In that last test, your front door cam is correctly returning to the factory default position, but please note that it is in a different position from your set default position in previous video. There are 2 default positions… one is factory default (your last screenshot), the other is user default (your video). Tapping the “Reset” button in Settings results in returning to factory default. A powercycle results in cam returning to user’s last position. Thank you for bearing with me while I ensured those two features work properly.

You indicated that your front door cam was facing the wall upon power restoration 2 nights ago. That does not seem normal. I don’t know if that anomaly is a firmware bug or whatnot. But if you’re concerned that 2 of your cams were hacked, please contact the Wyze Security Team by sending an email to: security@wyze.com providing as much detail as you can. You may also wish to include a link to your topic here for reference.

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I just thought of something… not sure if I can simulate/test this theory today, but should have time tomorrow. A power outage results in cam “cycling”. If you watch your video, you’ll see that at some point during the cycle’s range of motion, the cam faces the wall. If power was lost briefly and quickly returned, cam will start cycling. If during cycling, the power was cut for an extended period of time interrupting the cycle leaving cam facing wall, would cam take last position (facing wall) as new user default position? That’s an interesting theory and I hope to test this out for you!

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Hellos again,

I too apologize for the delay. I wanted to check some logs before I replied.

As far as I can tell by cross referencing my local cloud and router logs the power would have been out only momentarily. That rings true to past history as well. Usually only a very brief reset of power.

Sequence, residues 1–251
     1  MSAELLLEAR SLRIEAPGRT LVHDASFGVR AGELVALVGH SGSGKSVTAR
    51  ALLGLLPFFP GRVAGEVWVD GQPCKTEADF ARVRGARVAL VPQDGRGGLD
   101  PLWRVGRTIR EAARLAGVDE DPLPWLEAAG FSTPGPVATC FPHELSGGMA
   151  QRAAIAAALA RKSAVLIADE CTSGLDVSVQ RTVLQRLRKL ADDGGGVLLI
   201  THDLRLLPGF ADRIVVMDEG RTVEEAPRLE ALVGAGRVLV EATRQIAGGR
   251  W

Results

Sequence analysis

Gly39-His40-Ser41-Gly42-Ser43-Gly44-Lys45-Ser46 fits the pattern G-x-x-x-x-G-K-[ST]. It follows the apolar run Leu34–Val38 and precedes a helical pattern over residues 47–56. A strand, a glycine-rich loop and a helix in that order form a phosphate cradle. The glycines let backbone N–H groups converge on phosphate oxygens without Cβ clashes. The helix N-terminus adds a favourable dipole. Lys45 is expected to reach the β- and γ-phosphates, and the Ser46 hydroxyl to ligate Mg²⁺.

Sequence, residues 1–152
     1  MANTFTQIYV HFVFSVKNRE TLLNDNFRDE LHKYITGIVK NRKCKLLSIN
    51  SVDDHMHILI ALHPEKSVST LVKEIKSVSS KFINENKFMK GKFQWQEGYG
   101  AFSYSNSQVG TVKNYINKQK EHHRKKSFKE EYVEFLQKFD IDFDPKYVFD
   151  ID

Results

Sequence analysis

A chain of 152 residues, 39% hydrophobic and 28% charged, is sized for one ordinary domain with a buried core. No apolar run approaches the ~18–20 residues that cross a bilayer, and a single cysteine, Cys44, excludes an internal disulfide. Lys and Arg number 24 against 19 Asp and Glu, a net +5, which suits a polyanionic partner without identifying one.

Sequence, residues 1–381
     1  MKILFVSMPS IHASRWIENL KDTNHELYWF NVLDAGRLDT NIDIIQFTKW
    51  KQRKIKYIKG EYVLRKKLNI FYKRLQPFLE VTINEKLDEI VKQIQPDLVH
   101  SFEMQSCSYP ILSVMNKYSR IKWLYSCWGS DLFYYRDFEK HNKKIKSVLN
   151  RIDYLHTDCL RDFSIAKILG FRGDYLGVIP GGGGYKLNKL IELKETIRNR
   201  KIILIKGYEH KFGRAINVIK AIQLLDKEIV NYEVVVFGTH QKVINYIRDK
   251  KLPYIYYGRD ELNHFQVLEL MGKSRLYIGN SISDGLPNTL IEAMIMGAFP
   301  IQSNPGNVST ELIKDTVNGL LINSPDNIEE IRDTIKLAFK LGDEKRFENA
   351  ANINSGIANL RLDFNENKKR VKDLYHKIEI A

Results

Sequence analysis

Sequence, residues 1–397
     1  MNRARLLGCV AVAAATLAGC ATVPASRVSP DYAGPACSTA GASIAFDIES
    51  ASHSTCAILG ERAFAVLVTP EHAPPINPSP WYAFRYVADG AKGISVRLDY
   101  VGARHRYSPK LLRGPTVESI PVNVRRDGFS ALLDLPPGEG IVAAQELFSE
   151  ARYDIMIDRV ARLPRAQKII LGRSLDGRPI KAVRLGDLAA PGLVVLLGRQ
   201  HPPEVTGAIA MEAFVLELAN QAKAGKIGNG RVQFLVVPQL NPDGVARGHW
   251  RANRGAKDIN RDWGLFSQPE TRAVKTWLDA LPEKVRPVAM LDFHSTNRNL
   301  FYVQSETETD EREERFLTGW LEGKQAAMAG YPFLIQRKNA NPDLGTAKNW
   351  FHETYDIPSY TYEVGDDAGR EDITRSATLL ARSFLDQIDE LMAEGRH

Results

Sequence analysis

In thinking about what you said about extended outage and returning to a spot it was left in.

Well, as I mentioned before the camera was facing the wall, but not at a 180 degree opposite from the default position. it was off to the side some and angled down more than I usually have it. The position is not in the reset path that you saw on power cycle.

That being said, I think maybe not the case.

The outside camera was panned up and outward away from the sliding glass door. Maybe in a reset path, I would have to go cycle to see.

Am I worried about being hacked. No, not really, I am 55, pretty handy with networking, CLI linux, and generally anything related to computers. If someone got into my local lan then they are very good at either guessing a very complicated password, or they currently or should be working for the government. Then to setup say Tinycam and add my cameras, and move them. Well. To what end? Only those two were affected. I also checked the devices on my network. Yes there are a lot but even the offline devices do not seem out of order. I will going forward match the MAC address to the devices I haven’t used in a while in the drawer just to rule it out, but I suspect everything is good.

If they got through the WYZE website and the two factor authentication on my account, well then they again should be working for the government, or, they already do. I saw no notifications for access.

Did an actor gain access not through my account but directly through Wyze or a 3rd party? This would be my strongest suspect. By if so, why only mess with 2 cameras?

But I guess it’s possible. Just doubtful. I am no one important, and I have nothing to steal anyone wants that would risk their life trying to break into someone’s house in the middle of the night. /shrug

Firmware? Perhaps. I left all of my cameras at the previous firmware version. I am glad I did as I seem to have avoided a few issues others may be having. Firmware scares me as I have accumulated a few bricks over the years. However all cameras are at the same firmware version. Only two cameras affected. I mean logic says no, but maybe.